All rings are assumed to have unity: $1\in R$.

In a ring $R$:

Definition: An element is a unit if it is invertible (it has a 2 sided multiplicative inverse).

In a commutative ring $R$:

Definition: An ideal $P \ne R$ is a prime ideal if $ab \in P \implies a\in P \text{ or } b \in P$

Definition: An element $p\in R$ is a prime element if $(p)$ is a prime ideal.

In an integral domain $R$:

Definition: For $a,b \in R$, we say $a$ is a factor or divisor of $b$ if $b\in (a)$.

Definition: For $a,b \in R$, we say $a$ is a proper factor of $b$ if $b \in (a)$ and $a \notin (b)$.

Definition: An element $a\in R$ is irreducible if it is not a unit and has no proper factors other than units.


In an integral domain:
$(p)$ is prime $\iff$ $p$ is prime $\implies$ $p$ is irreducible.

In a unique factorization domain:
$(p)$ is prime $\iff$ $p$ is prime $\iff$ $p$ is irreducible.


If I have a prime ideal, that is not principal (but finitely generated), say $(p,q)$, what can I conclude about $p$ and $q$? Can I say they are prime? In an integral domain, can I say they are irreducible? What additional criteria are needed to make these conclusions?

What about the other way, if $p$ and $q$ are prime, then can I conclude $(p,q)$ is a prime ideal? What additional criteria are needed?

I'm also interested in extending these ideas outside of domains and to noncommutative rings, but it's more important to understand them in an integral domain first.

  • 2
    $\begingroup$ In the first case, no, you can't say that $p.q$ are prime. First of all, there isn't one set of generators. If $p,q$ are generators, then so are $p+aq,q$ for any $a\in R$. If you were correct that $p,q$ must be prime, then you must have $p+aq$ must always be prime. When $a$ is a multiple of $p$, this means that $1+bq$ must always be a unit. Taking $R=\mathbb Z[x]$, $p=2+2x,q=x$ ,then $(p,q)=(2+2x,x)=(2,x)$ is prime, but $2+2x$ is not prime. $\endgroup$ Nov 11, 2015 at 17:48

1 Answer 1


I'm skipping the questions about irreducibles. Too many questions here.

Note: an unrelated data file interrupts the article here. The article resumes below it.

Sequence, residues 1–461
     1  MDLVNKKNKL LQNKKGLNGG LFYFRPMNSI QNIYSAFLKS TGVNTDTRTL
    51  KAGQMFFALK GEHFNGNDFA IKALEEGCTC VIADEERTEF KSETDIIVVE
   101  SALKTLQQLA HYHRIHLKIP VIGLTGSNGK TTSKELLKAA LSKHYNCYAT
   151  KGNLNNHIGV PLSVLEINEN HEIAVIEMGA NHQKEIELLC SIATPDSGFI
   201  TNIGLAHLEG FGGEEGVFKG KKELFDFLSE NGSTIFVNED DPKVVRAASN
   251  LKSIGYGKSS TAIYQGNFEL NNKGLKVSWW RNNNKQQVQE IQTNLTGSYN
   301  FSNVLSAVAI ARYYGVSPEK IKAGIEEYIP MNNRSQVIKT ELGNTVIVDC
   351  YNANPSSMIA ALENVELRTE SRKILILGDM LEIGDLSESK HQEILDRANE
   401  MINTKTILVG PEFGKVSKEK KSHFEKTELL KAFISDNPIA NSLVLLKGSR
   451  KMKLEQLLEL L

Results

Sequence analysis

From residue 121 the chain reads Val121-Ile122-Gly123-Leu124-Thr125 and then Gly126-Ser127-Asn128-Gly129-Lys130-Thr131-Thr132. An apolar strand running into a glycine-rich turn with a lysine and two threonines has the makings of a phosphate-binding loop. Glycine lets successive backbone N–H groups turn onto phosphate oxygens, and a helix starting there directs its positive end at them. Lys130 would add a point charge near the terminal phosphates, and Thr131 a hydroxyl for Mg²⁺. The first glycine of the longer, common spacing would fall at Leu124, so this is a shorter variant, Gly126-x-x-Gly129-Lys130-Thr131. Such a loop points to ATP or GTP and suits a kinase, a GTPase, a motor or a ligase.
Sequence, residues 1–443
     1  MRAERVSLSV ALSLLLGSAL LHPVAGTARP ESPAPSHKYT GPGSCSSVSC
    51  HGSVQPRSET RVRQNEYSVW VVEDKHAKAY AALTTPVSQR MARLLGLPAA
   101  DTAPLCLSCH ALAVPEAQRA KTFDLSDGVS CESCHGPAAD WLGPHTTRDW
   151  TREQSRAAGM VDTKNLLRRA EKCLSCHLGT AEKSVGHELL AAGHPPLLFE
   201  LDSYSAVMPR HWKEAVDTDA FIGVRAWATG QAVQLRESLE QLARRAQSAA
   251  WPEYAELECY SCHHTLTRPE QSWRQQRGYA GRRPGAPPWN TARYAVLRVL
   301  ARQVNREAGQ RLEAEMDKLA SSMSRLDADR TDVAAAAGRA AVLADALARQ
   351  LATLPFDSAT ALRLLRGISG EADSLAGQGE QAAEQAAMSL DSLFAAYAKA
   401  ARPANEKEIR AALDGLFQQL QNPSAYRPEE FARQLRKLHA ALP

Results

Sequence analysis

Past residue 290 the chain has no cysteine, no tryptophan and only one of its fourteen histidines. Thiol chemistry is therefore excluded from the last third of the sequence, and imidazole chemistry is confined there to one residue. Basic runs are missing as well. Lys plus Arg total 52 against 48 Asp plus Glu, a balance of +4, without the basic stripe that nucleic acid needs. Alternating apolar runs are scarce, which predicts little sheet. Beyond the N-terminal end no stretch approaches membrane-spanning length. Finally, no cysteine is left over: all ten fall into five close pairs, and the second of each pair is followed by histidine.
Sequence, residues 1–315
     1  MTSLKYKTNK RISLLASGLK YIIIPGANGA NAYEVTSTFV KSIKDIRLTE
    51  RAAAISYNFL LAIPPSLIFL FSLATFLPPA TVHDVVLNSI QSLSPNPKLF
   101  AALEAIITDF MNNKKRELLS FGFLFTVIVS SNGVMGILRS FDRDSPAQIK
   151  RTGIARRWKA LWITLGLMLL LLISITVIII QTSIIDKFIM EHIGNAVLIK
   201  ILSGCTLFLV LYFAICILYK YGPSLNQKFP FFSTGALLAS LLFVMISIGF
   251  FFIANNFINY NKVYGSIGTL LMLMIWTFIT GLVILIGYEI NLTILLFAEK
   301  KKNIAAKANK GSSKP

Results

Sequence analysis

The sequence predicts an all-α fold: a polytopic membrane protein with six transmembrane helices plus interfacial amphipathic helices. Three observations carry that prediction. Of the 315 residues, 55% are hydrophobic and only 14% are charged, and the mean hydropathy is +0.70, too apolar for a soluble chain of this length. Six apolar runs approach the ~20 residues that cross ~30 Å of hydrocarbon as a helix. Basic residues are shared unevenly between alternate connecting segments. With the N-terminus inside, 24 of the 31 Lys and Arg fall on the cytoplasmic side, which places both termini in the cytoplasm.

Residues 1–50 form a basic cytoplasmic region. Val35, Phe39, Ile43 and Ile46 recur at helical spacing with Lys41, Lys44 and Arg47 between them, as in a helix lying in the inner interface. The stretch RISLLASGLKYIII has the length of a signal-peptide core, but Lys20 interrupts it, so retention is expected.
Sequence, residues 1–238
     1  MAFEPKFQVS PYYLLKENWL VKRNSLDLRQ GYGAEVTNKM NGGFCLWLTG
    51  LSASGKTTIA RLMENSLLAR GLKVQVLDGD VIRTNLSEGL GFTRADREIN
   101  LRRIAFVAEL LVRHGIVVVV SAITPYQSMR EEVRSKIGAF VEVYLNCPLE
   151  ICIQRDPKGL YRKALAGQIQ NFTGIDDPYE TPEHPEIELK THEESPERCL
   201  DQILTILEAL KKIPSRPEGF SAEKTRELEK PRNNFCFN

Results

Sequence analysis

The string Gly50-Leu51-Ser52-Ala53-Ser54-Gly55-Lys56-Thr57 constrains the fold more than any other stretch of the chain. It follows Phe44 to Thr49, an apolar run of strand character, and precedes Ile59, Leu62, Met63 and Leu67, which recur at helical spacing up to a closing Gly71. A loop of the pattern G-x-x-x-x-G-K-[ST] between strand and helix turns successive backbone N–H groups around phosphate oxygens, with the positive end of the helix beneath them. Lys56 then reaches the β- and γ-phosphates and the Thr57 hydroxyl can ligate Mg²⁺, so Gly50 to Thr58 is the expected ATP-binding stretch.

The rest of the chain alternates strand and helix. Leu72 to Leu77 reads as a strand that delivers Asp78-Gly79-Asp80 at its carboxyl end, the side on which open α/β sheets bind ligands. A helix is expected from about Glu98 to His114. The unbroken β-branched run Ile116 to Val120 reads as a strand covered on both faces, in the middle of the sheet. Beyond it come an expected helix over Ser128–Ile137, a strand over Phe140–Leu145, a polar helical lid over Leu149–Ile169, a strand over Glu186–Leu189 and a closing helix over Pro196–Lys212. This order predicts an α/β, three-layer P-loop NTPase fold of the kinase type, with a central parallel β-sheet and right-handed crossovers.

If you take the typical example: $R=\mathbb Z[\sqrt{-5}]$ where:

$$2\cdot 3 = (1+\sqrt{-5})(1-\sqrt{-5})\tag{1}$$

Then the ideal, $I=(2,1+\sqrt{-5})$ is not principle, and it is prime - it is easy to show that $R/I\cong \mathbb Z/2\mathbb Z$, which is a field, so $I$ is maximal, hence prime.

You also have that $2,3,1\pm \sqrt{-5}$ are irreducible, but not prime.

It is also easy to show that no element of $I$ is prime, since you can show that $R/(p)$ is finite for any $p\in I$, and if $(p)$ is prime, $R/(p)$ is an integral domain, and a finite integral domain is a field. Thus $(p)$ is maximal. But $(p)\subsetneq I\subsetneq R$, so $(p)$ is not maximal.

So there are times where you can't find any prime element of a prime ideal.

In $\mathbb Z[x]$, $x^2+1$ and $5$ are prime, but $(x-2)(x+2)=(x^2+1)-5\in (5,x^2+1)$. So, no, if $p,q$ are prime, then it is not necessarily true that $(p,q)$ is prime.

According to Wikipedia, in UFDs, every irreducible element is prime (which practically goes without saying,) but not visa-versa. The converse is true when the ring satisfies the "ascending chain condition for principle ideals."

  • $\begingroup$ Thanks, I've worked out everything except why $R/(p)$ must be finite for any $p \in I$. Why is that? $\endgroup$ Nov 12, 2015 at 1:07
  • $\begingroup$ Clearly my questions (about multiple generators) only apply outside a PID. I know that this example $\mathbb Z [\sqrt{-5}]$ is an ID, but not a UFD. I'm now wondering if this relies on the multiple ways to factor ... if this still holds in a UFD where prime and irreducible coincide. $\endgroup$ Nov 12, 2015 at 1:10
  • 1
    $\begingroup$ It's true for any $p\in R$, actually, and it is because every element $p\in R$ is a divisor of an integer $n$, and thus the set $a+b\sqrt{-5}$ with $0\leq a,b<n$ covers all elements of $R/(p)$. So there are at most $n^2$ elements of $R/(p)$. $\endgroup$ Nov 12, 2015 at 1:16
  • 1
    $\begingroup$ Other than $\mathbb Z[x]$ and the like, I don't know many UFDs that aren't PIDs, but the key is that all of ours assumptions about what it means to be irreducible and prime for elements of a general ring/integral domain go out the window. It is worth knowing why the word "ideal" was chosen. Originally. they were called "ideal divisors." As in: Ideally, there should exist a GCD of $2$ and $1+\sqrt{-5}$. Drats! Why isn't there one? Well, let's pretend there is one! We'll call it an "ideal divisor."It wasn't until later that the abstraction was formalized. $\endgroup$ Nov 12, 2015 at 13:45
  • $\begingroup$ According to wikipedia, in UFDs, every irreducible element is prime, but not visa-versa. The converse is true when the ring satisfies the "ascending chain condition for principle ideals." $\endgroup$ Nov 12, 2015 at 14:04

You must log in to answer this question.

Not the answer you're looking for? Browse other questions tagged .